Cable Finds New Ways Not to Say Yes
By far, the most eye-popping part of the cable show's landscape was the Broadband Home—a multi-million dollar overwired prototype that included video, voice and data services in every nook and cranny of an upscale house. Most of the products—from an HDTV Jacuzzi to the Internet-connected refrigerator—have been seen at CES for the past two or three years. Of course, most cable managers had not seen that venue—although the top executives have been eyeing the scene in Las Vegas in January during the past few years. For the cable industry, the landmark was putting it all under one virtual roof—and all delivered via their broadband connections. There were even a few debuts, such as Worldgate's "Ojo" videophone (piggybacked onto cable modems), destined for retail distribution by late summer.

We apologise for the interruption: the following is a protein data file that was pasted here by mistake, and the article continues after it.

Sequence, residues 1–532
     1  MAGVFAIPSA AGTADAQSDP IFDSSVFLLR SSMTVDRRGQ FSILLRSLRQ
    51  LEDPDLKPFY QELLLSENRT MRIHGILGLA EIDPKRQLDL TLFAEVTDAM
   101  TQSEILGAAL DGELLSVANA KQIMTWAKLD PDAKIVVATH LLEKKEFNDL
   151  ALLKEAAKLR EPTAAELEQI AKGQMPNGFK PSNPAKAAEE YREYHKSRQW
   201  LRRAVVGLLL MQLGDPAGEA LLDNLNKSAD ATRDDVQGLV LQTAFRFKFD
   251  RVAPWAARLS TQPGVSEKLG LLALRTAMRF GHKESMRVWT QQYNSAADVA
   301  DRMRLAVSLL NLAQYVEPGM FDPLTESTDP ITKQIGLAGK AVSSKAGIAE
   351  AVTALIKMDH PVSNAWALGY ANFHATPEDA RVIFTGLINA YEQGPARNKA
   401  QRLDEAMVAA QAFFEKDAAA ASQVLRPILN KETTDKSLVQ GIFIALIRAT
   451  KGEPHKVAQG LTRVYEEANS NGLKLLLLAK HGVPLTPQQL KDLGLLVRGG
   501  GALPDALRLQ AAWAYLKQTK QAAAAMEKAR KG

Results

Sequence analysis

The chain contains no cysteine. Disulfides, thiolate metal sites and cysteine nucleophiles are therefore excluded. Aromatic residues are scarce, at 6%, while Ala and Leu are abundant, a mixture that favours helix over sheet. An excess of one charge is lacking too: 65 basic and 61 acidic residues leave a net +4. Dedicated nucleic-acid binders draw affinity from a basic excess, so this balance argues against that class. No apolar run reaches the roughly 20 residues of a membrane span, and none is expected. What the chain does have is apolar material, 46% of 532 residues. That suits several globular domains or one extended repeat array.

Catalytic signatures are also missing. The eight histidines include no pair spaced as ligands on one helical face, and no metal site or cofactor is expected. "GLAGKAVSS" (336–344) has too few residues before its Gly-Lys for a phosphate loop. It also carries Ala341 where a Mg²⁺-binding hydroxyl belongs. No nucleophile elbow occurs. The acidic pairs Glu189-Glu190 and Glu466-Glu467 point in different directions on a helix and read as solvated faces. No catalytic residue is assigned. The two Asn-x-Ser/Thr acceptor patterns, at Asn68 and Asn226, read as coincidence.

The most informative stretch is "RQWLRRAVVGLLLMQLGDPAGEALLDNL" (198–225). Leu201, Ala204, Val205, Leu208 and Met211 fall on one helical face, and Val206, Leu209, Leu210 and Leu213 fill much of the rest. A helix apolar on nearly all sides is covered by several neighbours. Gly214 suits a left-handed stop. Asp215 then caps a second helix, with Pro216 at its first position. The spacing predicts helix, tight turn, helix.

Heavy traffic in the Broadband House demonstrated appetite for the products. Finally, something the cable executives might actually buy—if only for their own personal home use.
Even more intriguing was the CableNet collection of more futuristic network and home connectivity services. This annual cornucopia is intended to demonstrate prototypes of products—including advanced video and data systems, linked together through industry-sanctioned interoperability tools and protocols.